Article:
I cannot imaging why Lockheed-Martin would be worried at the prospect of the US Air Force making a purchase of an aircraft that is cheaper to buy, cheaper to operate, flies farther, carries more, can have a back-seater who can handle things like SEAD and jamming, and has been continuously modernized over the years because of foreign sales.
A full month before the scheduled rollout of the Trump administration’s fiscal 2020 budget request, Boeing’s F-15X has provoked a fierce intellectual clash over the future of U.S. airpower strategy and priorities.I don't think that this will go anywhere, Lockheed-Martin has meticulously spread subcontractors around crucial Congressional districts, and even if it outperforms the F-35 in 90+% of conflict scenarios.
Advocates of the U.S. Air Force’s current plan to resume F-15 orders after a 19-year hiatus say it is an overdue response to an urgent requirement for quickly and affordably recapitalizing an aging air superiority fleet, while at the same time adding a comparatively flexible weapon system that can be adapted in the future to play a host of new roles, including perhaps electronic attack.
But critics see wasteful spending on the latest version of a fighter originally designed in the late-1960s, at the expense of buying faster and what they assert are more relevant Lockheed Martin F-35As. Some critics also invoke the prospect of the F-15X causing an acquisition “death spiral” for another advanced stealth aircraft, snaring the Air Force’s program of record to buy 1,763 F-35As in the same budgetary trap that sharply curtailed original plans to order 132 Northrop Grumman B-2A bombers and 750 Lockheed Martin F-22s.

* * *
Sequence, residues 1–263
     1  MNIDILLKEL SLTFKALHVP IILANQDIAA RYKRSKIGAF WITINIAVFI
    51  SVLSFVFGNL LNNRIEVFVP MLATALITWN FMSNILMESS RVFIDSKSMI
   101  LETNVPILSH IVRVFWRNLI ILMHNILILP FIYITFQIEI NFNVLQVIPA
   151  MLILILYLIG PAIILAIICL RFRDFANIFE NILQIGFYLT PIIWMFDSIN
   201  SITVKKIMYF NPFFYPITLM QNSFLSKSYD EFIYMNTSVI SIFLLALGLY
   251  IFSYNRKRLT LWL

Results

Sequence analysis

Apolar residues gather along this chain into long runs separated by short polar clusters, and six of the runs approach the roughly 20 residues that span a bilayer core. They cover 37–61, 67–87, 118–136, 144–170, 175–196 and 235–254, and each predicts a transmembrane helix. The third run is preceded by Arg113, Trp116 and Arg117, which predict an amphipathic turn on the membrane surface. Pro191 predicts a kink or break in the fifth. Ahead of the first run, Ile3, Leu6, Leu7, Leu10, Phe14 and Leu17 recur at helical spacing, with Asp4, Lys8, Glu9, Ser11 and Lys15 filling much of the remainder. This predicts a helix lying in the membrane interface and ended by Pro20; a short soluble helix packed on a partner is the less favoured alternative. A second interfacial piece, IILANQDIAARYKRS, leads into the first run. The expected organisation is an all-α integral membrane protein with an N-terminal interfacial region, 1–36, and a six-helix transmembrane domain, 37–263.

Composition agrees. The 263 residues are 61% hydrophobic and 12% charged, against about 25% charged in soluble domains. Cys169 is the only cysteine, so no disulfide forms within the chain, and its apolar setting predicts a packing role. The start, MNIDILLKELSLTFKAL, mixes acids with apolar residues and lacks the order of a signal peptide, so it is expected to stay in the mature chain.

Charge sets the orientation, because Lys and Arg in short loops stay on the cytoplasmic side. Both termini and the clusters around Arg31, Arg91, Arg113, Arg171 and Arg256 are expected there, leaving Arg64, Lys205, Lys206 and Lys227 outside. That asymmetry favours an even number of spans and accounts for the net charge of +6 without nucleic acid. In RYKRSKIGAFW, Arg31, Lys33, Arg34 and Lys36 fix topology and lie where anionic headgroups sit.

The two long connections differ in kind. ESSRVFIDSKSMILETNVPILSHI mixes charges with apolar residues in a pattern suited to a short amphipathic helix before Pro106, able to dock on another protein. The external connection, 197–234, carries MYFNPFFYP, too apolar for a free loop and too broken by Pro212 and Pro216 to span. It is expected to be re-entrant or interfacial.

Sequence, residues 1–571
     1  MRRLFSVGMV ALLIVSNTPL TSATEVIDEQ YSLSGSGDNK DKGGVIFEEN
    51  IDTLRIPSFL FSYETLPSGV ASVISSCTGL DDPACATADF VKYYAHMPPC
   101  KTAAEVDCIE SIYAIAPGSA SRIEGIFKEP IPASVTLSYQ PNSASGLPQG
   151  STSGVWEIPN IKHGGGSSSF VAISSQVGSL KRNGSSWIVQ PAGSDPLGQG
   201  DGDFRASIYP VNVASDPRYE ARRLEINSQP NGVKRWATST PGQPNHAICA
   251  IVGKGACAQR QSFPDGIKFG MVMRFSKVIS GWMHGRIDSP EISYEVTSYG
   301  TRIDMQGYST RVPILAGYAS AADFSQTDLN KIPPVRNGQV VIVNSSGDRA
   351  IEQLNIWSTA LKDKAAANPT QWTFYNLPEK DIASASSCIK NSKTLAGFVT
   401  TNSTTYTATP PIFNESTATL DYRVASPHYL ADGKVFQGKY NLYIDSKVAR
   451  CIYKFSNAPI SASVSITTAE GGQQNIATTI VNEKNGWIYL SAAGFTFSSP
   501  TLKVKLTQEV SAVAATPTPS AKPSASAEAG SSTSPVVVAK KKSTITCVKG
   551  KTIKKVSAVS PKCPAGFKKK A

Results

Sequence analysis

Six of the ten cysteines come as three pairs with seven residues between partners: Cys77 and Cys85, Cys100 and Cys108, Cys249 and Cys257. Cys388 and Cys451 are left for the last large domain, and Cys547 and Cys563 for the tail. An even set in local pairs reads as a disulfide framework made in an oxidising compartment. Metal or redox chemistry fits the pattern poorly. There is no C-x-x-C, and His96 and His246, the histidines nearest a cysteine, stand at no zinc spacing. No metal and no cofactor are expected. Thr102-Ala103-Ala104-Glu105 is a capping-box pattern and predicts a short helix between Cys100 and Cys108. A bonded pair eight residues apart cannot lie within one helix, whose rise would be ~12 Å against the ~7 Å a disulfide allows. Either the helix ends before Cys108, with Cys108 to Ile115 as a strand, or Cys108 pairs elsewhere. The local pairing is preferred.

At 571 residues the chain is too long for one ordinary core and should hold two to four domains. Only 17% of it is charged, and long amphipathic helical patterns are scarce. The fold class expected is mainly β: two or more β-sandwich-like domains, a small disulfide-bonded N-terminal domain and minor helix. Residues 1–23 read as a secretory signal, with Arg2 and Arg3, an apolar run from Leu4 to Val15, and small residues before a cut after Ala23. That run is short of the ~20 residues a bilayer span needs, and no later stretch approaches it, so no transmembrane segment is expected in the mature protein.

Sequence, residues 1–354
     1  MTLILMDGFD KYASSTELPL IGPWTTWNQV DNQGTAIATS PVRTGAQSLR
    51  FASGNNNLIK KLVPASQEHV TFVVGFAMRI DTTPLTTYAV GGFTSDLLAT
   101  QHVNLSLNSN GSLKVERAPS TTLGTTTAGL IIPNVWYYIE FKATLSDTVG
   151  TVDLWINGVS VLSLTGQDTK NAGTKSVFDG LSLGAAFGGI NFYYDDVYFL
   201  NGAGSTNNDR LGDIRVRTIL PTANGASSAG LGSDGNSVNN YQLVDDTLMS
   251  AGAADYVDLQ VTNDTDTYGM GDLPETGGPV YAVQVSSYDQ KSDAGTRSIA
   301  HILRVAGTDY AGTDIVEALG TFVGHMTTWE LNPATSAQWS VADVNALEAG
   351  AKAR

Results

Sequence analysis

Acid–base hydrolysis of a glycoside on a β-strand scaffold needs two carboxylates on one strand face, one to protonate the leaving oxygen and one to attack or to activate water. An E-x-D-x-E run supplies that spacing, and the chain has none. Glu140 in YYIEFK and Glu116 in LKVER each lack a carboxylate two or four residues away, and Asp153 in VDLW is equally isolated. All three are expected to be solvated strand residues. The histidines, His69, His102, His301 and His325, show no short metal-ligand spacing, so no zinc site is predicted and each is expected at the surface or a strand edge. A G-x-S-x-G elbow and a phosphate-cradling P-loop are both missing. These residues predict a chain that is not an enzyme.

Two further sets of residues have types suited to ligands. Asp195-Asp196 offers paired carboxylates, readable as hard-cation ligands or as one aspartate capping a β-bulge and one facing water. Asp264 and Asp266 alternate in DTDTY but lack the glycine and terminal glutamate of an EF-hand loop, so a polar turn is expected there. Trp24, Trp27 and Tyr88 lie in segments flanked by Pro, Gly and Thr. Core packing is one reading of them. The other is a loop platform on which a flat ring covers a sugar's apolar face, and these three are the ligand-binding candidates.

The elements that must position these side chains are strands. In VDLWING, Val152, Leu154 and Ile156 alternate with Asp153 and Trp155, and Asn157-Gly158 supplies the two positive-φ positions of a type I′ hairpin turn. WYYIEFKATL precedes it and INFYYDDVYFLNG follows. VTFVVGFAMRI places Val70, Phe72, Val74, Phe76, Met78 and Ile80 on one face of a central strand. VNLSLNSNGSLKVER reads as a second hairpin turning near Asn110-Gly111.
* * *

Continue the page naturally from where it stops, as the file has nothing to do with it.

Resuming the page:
The debate has placed Lockheed Martin in an awkward position. Although Lockheed executives generally support more spending on F-35 production, they also seem unwilling to contradict Air Force Chief of Staff Gen. Dave Goldfein, who has stated that F-15X funding won’t come at the expense of planned F-35 purchases. It is a point that CEO Marillyn Hewson emphasized on the fourth-quarter earnings call in late January.
The Air Force is interested in buying a single-seat F-15CX and twin-seat F-15EX, the source says. Except for a two-place canopy and second cockpit in the F-15EX, both Air Force models would be identical.
The configuration is defined by the Air Force’s demand to limit costs, especially for nonrecurring engineering. So the F-15X models are based exclusively on already fielded technology, including strengthened wings and large area displays funded by the Qatari Air Force, plus conformal fuel tanks, a digital fly-by-wire control system, APG-82 active, electronically scanned array radar and the Eagle Passive Active Warning Survivability System (EPAWSS) introduced by the Royal Saudi Air Force. The U.S. Air Force also is integrating the APG-82 radar on F-15Cs and F-15Es.
For example, the combination of a strengthened wing and fly-by-wire flight controls expand the flight envelope, yielding a dogfight performance somewhere between the raw power offered by the F-15C and the nimble agility at high angles of attack of the F-22.
Other important details involve the weapons options. The Saudi air force has integrated the AGM-88 High-speed Anti-Radiation Missile (HARM) on the F-15SA, so that becomes a new option for the Air Force fleet. The combination of the AGM-88, EPAWSS and the F-15’s inherent ability to generate large amounts of electrical power create intriguing possibilities. The Air Force retired its last tactical escort jamming platform in 1997, but the Navy has continued to perform the mission of jamming air defense radars with the Boeing EA-18G. The idea of a radar-jamming and -suppressing “Wild Weasel” version of an F-15EX could create a long-term role for the two-seater, operating alongside strike packages of F-35As.
Still, this promises to be entertaining.